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Bart Budwig – Sabai
In Oregon's far north-eastern reaches, hidden deep in the forests of the Eagle Cap Wilderness, there is a cabin named Sabai. The cabin is situated on a bluff overlooking the Minam River. It contains a wood-burning stove that, when lit, sends a column of smoke through the clear mountain air. When the lamps go out at the nearby lodge, you can sit alone on the cabin's porch and listen to the softness of the world as it turns—a numinous and liberating encounter, borne on the backs of ancient things; wind, water, silence, earth. It was here in this parochial hush, with a fire crackling gently off to one side, that Idaho-born picker Bart Budwig immortalized his solo tunes.
While Budwig's records are known for their full band production and multi-faceted arrangements, many of his live shows strip this away, leaving him alone on stage. For some this may feel a rarer, more intimate affair. A man, a guitar, a single spotlight. It is this ambiance, this raw intimacy, that Budwig sets out to capture with his sixth LP, “Sabai.”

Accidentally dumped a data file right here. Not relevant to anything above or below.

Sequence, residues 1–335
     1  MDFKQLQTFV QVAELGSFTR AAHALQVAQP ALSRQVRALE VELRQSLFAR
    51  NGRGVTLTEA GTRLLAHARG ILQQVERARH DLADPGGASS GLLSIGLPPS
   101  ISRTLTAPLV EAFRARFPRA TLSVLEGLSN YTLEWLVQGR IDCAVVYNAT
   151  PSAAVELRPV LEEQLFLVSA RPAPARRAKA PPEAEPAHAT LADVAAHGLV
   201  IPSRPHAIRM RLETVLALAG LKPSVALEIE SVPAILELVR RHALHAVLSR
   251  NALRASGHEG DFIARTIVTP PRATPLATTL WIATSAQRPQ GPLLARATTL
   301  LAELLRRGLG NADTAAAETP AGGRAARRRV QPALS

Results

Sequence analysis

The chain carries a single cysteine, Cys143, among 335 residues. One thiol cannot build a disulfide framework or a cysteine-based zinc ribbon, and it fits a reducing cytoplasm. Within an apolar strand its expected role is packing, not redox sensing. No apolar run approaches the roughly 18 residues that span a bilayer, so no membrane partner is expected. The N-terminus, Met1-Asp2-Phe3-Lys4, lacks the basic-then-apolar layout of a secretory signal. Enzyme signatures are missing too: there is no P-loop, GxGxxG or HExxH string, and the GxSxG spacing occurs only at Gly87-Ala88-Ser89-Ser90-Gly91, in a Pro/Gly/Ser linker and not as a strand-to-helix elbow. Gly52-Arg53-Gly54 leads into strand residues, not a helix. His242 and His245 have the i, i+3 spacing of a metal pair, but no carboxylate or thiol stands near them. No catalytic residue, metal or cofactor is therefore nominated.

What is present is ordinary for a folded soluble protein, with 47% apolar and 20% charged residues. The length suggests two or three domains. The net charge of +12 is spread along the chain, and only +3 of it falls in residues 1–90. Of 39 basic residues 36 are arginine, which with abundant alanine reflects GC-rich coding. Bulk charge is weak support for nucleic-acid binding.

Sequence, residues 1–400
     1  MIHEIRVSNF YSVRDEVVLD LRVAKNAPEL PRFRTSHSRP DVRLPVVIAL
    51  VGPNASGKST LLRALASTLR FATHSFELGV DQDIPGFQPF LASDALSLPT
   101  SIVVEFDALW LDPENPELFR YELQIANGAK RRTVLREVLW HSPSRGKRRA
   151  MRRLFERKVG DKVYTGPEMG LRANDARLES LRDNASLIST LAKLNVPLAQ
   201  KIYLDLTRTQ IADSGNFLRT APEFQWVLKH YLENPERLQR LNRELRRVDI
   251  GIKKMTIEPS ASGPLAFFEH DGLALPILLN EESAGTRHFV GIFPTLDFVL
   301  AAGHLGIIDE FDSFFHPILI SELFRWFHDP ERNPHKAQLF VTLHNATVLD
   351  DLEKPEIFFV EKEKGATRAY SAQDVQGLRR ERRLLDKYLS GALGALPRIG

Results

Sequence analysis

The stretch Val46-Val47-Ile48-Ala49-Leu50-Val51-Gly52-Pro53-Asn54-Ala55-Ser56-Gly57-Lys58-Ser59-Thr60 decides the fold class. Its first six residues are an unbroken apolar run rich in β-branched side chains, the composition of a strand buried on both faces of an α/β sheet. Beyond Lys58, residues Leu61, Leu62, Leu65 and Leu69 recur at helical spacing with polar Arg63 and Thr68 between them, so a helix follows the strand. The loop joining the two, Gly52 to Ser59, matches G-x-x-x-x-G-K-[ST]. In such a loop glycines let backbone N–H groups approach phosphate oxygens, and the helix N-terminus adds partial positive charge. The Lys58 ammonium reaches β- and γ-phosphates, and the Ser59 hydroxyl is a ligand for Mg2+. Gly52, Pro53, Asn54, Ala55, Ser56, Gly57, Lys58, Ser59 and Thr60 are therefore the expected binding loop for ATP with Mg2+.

Recorded over a two-day stay at the Minam River Lodge, the album is comprised of ten tunes that suture the gap between Budwig's fast-paced touring life and the quiet sentiments of a season at its close. There is a sense of release to the songs, which range from fresh bardic ditties to older, more angsty boot-trodden ballads.
To that end, themes of homecoming weave their way through the album. In what could be considered one of the record's emotional zeniths, “Captain, Dreamer,” Budwig croons: “The night sky holds the moon / holds the ocean / holds that ship that will bring me home / bring me home to you.” Here we find a hesitant harmony in hope and abandon; a comment on sorrow and tribulation, and the path hurt can carve toward hopeful horizons.
In imitative fashion, the album slices its own abscess through trial and pain to force itself out into the light. “Dream,” is an unsettling song of heartbreak and grief—an imploring, deeply emotive experience that demonstrates Budwig's ability to eulogize. But fear not, for light penetrates even the world's darkest places. The closing track, “Bonnie and Clyde,” is a quiet chapter on hands stretched out to reach one another, of promises made and eternally kept, and here we find our emancipation.
The word Sabai, roughly translated from the native Thai, means “not a care in the world,” or “wellness beyond words,” and perhaps it is here that Budwig truly conveys his bliss. Somewhere deep in the Oregon wilds, a stove remains lit, its embers burning all the brighter.
— Andy Valentine
Thanks to Ben Herndon (photography), Nancy Charles (artwork)
Lee Deaver (oil painting), Jason Oliveira (web design) Luke Zwanziger (video).
Copyright 2017 Bart Budwig. All rights reserved.